In the past, Frank and this blog have argued back-and-forth across the blogosphere on some things — he a tireless tort reform advocate, myself a trial lawyer partisan — but I am in agreement with Frank’s belief that Wal-Mart will prevail in the Dukes case.
The really amazing part of this bet is not that Frank believes Wal-Mart will win in Dukes, but that he believes that there’s money to be made on this proposition. After all, Frank, in his day job, is the voice of tort reform, of big business, of laissez-faire capitalism.
But his sizable wager – ten percent of his net worth! – speaks otherwise. His bet that Wal-Mart’s stock will rise once the Supreme Court decides Dukes (and decides it in Wal-Mart’s favor) says that the stock market is inefficient – that there is publicly available information about Wal-Mart’s stock that has not already been priced into the stock’s value.
Shockingly, I find that I, the trial lawyer, have more faith in the market’s efficiency than Frank. I subscribe to a form of the “Efficient Market Hypothesis,” the idea that the price of stocks incorporates all of the publicly available information that might affect the stock’s price. Ted is a great lawyer, but it hardly takes a great lawyer to figure out which way the conservative Supreme Court is going to rule in the Wal-Mart case, especially after it has made the decision to hear the case and after briefs have been filed and oral arguments have been made.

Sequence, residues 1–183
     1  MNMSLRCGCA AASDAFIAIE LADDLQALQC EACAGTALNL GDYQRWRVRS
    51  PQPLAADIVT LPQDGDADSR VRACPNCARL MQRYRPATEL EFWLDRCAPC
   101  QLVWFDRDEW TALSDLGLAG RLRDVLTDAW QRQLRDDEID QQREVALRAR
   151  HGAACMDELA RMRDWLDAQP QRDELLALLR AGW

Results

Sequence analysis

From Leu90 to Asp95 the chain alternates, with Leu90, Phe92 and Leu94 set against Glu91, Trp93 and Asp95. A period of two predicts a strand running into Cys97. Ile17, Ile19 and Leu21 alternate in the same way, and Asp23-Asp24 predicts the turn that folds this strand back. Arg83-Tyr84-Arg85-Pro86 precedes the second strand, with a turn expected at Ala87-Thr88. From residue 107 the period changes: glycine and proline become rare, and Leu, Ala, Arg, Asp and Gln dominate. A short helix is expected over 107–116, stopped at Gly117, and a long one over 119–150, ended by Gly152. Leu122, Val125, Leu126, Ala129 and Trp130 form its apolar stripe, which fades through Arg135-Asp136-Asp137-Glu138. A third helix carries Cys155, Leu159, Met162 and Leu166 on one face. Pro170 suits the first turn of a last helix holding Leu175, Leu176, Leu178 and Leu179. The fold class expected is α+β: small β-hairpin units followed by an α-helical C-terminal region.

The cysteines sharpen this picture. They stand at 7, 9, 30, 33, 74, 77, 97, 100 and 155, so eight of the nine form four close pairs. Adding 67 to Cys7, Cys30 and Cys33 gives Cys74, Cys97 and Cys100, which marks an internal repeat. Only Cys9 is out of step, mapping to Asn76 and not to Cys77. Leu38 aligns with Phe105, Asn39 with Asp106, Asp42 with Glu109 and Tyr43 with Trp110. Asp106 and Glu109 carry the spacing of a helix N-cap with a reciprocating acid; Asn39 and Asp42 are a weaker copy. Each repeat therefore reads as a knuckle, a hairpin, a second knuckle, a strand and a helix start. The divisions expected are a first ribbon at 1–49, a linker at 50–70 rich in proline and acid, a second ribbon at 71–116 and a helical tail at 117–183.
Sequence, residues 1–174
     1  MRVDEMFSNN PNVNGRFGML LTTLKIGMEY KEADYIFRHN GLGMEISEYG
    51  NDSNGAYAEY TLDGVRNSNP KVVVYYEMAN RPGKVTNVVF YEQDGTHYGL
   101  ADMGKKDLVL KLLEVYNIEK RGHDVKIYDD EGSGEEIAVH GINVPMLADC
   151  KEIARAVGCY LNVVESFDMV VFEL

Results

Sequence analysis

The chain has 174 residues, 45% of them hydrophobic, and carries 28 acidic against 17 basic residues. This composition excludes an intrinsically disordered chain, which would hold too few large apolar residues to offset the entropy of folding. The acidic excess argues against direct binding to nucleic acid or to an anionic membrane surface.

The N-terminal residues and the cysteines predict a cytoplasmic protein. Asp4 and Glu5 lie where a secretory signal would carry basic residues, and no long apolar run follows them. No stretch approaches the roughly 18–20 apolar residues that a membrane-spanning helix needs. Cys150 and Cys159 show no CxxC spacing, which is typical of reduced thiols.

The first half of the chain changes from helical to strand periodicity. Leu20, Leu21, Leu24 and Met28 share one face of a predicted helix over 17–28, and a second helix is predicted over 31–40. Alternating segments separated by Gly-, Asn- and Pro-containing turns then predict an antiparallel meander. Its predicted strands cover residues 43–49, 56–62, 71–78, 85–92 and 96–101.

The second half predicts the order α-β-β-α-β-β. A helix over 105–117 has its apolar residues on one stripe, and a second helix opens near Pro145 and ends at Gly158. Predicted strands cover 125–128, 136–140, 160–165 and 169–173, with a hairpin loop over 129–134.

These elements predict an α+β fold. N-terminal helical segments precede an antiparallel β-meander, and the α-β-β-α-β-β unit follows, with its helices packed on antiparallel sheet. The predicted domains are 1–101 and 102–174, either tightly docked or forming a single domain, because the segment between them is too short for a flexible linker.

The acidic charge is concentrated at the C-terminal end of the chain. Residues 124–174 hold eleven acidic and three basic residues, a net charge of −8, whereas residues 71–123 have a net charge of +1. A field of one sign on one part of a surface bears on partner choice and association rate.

I sort of assume that all of that information has already been factored into Wal-Mart’s stock price by the invisible hand of the marketplace, by the wisdom of crowds. So I’m not going to be betting that Wal-Mart will finish up the day that the Supreme Court rules in its favor in Dukes.
I’ll be sticking with my index funds and ETFs. Yeah, maybe you can beat the market if you focus on inefficiencies in small cap stocks that are less closely followed by Wall Street (a la hedge fund titan Joel Greenblatt) or if you simply bet on volatility in the market in either direction (as uber-successful Nassim Taleb of “Black Swan” fame does in his proprietary options system), but beating the Street on Wal-Mart seems to me to be more dependent on luck than skill in ferreting out relevant information about the company.